Sunday, 21 February 2016

Roberts RM33 Desktop Radio repair. Freezer spray on the cheap.

My good friend David pops by a few times a year to bring things. My wife dreads it ....

This time he brings me a small desktop Roberts radio. I like Roberts stuff, it's nicely made and sounds reasonable.

"Goes quiet on medium wave"

OK... let's take a look....

The first battle is to get the thing apart.
First, remove the two philips screws on the edge of the back, on the left and right. Then remove the slotted screw in the centre.

Once you've done this, slide the card back upward and it'll pop out at the bottom with some gentle persuasion. Disconnect the green aerial wire from the board. Now unscrew the five silver philips screws from the bottom. Remove the power supply first, followed by the chassis.

Having removed the chassis, I set about fault finding. I previously had run the set, and after about 5 minutes MW sensitivity drops off and the volume decreases dramatically. On higher frequencies, it faded to nothing. Most likely to be a thermal fault. I left the set running until it had faded. Now what we need is some method of cooling components individually to prove which is at fault.
Now, you can buy, at quite some expense, Freezer spray, which is designed for the job. But Doz has a cheaper solution!! Enter the "Lazer" Air duster aerosol. Available for £1 a can from Poundland! Bargain. Now this produces a blast of gas, ideal for blowing the dust etc from speakers, laptops etc... here's the trick. Attach the pipe, and invert the can. Now a stream of extremely cold liquid will emerge from the end!  There is a warning on the can not to do this. It's that cold it will probably give you a cold "burn". Use caution!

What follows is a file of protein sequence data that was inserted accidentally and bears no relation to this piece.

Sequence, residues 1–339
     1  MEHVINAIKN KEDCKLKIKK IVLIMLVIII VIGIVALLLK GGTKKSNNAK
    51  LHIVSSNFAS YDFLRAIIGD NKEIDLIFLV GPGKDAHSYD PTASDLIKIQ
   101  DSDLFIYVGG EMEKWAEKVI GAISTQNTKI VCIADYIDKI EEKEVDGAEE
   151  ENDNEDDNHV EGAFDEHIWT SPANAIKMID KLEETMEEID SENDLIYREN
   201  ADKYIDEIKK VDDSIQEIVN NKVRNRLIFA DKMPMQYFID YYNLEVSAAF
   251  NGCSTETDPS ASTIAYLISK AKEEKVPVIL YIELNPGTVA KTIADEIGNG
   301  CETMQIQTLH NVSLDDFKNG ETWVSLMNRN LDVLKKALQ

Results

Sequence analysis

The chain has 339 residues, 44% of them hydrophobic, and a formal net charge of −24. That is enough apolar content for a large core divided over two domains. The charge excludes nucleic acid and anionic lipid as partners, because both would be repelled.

Gently push the nozzle and direct the liquid at the suspect component.

Be careful when using it around higher voltages, as water will condense on the cold component. Never spray it on a hot valve, you'll crack the glass.

I started by cooling the board in areas to narrow down the search. I used a hot air gun to warm it back up again to cause the fault to reappear.

I narrowed the fault down to two caps, or maybe the
BC548 transistor. I changed the caps and the fault remained clear! The replacements are pictured.

There was no physical sign of failure of the capacitors.

Another job done!

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